How to Survive a Music Festival (With Your Parent)

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By: Alexa Girkout

This is the fourth year that I’ve attended Outside Lands Music Festival in foggy Golden Gate Park, San Francisco, with my father. Yes, my father who is both half a century old and at least one-and-a-half times the age of many of musicians to which he listens (he won’t appreciate that, as far as any of you know he’s still in his mid-30s). This is, of course, to his credit; he’s remained musically adventurous, allowing recommendations and music reviews to prompt him to impulsively buy records and concert tickets for artists he doesn’t even know. He still owns a subscription to Rolling Stone Magazine and buys physical CDs but probably hits as many venues as the seasoned pros do.

The catch is that he prefers classic rock and any variation of it—indie, alternative, folk—in a musical realm that is becoming increasingly less so. (He remains perplexed by James Blake and Frank Ocean, if that helps clarify his limitations.) The first year we attended Outside Lands was 2011, a year that marked my departure from the Bay Area, Muse, Arctic Monkeys and Arcade Fire were the acts not to miss. The annual festival has become a kind of pilgrimage for me, and an experience in which untangling the lineup is ritual and Golden Gate Park, our three-day Mecca. This year my dad, who still relishes the memory of record players, was forced to navigate an arena in which the top names were Kanye West, Macklemore and Tiesto.

How exactly does one survive a festival with a parent, and the contradictory collision of the former’s cool and the latter’s supposed uncool? Here’s how I did it (and continue to do it each year) and what makes it special:

  1. Inundate your parent with all the music that you plan on catching at the festival. Sounds a bit pompous, yes, but it’s probably the easiest way to spark interest. Stuck in a six-hour car ride I switched between Swedish songstress Lykke Li and Brooklyn’s twin-fronted quintet Lucius. Not sure if it stuck at all but he kept asking, “Who is this? Who again? What is this song?” in a somewhat detached voice. He ended up seeing both bands, although he still doesn’t know how to pronounce Lykke, and I’m almost certain he thinks they’re the same band.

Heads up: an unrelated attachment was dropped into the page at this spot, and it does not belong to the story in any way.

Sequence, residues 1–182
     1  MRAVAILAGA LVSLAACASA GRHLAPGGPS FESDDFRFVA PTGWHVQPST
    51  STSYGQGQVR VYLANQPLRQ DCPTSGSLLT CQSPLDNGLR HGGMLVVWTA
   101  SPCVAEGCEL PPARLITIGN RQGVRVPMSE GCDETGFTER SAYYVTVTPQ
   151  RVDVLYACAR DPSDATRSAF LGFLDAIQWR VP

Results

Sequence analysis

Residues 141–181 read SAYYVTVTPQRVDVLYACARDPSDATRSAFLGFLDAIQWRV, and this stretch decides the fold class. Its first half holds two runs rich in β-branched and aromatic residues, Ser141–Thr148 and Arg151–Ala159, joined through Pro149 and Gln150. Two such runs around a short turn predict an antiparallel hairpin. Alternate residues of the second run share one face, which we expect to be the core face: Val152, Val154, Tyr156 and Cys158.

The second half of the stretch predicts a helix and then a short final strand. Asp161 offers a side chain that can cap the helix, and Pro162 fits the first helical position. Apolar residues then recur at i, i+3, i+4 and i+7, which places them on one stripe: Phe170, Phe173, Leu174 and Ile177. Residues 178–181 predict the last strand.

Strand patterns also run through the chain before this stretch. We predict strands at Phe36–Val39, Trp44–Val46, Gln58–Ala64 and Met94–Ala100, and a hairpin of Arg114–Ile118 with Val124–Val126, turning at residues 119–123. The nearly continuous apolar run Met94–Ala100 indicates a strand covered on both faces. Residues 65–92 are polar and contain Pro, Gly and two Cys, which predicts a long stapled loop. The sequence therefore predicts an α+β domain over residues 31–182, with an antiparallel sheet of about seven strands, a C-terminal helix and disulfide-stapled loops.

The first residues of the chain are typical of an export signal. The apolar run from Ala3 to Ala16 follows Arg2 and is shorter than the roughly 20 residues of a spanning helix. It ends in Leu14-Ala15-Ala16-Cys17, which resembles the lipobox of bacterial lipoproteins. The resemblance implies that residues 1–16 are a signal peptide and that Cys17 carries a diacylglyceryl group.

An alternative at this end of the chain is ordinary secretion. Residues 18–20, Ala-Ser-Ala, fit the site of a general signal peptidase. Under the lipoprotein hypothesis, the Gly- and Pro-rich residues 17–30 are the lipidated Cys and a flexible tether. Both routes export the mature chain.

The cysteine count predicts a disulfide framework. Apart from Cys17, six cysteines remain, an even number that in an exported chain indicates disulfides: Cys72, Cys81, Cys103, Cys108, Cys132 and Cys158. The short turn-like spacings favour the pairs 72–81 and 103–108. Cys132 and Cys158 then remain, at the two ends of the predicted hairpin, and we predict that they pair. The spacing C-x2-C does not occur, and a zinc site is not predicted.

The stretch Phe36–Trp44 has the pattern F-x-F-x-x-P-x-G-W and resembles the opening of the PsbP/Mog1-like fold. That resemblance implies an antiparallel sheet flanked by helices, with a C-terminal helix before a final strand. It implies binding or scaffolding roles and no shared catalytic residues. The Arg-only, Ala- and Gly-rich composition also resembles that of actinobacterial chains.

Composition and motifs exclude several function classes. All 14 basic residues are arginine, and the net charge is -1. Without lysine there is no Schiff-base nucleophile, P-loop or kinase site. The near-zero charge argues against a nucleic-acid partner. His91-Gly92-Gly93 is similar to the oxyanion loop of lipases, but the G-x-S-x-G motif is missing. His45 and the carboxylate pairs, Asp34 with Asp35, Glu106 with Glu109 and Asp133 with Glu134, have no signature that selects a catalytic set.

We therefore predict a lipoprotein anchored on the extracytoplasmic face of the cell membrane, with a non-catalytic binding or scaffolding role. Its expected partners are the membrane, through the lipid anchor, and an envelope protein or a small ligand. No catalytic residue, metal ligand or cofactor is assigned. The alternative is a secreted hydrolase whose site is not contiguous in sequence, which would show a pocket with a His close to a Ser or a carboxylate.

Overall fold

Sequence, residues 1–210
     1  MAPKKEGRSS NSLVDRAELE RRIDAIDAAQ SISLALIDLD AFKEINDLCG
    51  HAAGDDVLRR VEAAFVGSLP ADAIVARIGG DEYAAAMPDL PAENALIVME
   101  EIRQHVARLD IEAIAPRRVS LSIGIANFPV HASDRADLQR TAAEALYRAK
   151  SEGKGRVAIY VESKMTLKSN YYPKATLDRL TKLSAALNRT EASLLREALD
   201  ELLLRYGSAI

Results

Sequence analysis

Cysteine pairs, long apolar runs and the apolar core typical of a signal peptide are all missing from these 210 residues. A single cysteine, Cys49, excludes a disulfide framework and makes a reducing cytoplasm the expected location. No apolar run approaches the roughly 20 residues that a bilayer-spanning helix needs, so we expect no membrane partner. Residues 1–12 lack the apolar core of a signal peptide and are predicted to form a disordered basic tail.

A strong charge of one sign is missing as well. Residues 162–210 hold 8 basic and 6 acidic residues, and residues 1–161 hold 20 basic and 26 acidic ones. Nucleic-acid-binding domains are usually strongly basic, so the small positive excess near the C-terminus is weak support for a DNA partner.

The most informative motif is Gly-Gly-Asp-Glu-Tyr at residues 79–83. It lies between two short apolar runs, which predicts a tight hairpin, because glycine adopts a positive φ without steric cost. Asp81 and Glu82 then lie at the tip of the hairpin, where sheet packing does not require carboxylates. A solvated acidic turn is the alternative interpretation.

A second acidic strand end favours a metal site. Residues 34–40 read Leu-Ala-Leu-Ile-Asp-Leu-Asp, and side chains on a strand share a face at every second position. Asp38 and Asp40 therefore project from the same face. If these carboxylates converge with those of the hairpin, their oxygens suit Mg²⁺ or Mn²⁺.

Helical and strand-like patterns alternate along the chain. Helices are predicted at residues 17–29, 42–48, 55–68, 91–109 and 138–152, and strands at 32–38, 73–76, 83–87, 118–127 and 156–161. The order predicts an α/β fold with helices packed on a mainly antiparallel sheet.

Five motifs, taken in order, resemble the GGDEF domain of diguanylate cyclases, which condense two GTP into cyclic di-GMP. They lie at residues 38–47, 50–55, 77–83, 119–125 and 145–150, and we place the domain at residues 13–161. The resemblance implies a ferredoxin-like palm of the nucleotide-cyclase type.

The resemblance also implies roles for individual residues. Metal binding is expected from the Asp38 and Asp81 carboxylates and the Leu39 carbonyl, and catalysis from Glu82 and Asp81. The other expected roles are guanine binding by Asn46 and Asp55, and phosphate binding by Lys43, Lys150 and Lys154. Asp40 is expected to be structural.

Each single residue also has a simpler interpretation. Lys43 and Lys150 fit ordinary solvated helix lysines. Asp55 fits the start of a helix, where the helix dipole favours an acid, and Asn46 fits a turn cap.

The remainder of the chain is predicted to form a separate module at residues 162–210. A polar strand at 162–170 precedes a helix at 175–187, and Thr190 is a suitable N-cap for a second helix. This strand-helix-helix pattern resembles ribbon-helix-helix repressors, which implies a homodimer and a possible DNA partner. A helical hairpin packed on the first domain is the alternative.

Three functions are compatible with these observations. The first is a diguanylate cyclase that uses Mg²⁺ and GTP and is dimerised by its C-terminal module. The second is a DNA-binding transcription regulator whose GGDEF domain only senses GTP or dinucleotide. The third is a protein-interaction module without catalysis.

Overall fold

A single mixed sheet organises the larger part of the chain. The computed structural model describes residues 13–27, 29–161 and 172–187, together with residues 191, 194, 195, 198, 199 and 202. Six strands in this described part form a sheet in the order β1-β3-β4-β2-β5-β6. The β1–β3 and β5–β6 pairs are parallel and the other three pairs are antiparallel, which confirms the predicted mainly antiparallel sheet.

2. Listen to their stories. Probably sounds like I’m suggesting death by slow torture, but bear with me. Your parents were young once and they’re full of hilarious stories that will probably only arise when in a setting that provides the proper stimulus. My favorite? In the middle of Tom Petty’s set, my dad leans over and yells, “I used to listen to this in my dorm room!” Classic.
  3. Introduce them to your friends. OK, I get it. You probably think I’m insane. It’s true, you might have to stomach some embarrassment, but music is more enjoyable when you can discuss its nuances or defend why you like it. My dad definitely made a couple of friends during the weekend, and I actually think he might like them more than me…
  4. Drag them to something they don’t know. As soon as we passed festival security, I lugged my dad to Made in Heights, the Los Angeles duo that has been quietly amassing a name in its overwhelming city. I’m not sure what my dad made of their frenetic energy and coordinated choreography, but he stood obediently and bobbed his head agreeably. Not sure if he took the bait, but I know he appreciated the exposure.
  5. Go to something your parent is dying to see. That, for my dad, was Petty. I’ll be honest, I was never going to pass up the rock legend for Mackemore, but witnessing my dad’s sheer euphoria is a sight I don’t think I’ll ever forget. Pumping fists, belligerently hollering lyrics… I’ll spare you the rest of the details and him the embarrassment.
  6. Booze. Of course, right? A festival is, in essence, just one elongated party in which you witness the music you love. And at the end of the day, your parent just wants to experience that with you. Sipping wine in the frigid San Franciscan air while my dad downed one of his many beers as Local Natives jammed in the background is no sorry way to spend a Saturday.

You’re young now, but think about how much energy and stamina it takes to attend a three-day festival when you have adult children. My dad rocks, seriously. And if your parent is willing and able to chug along, then damn, you owe them the time and memories they so desperately crave. 

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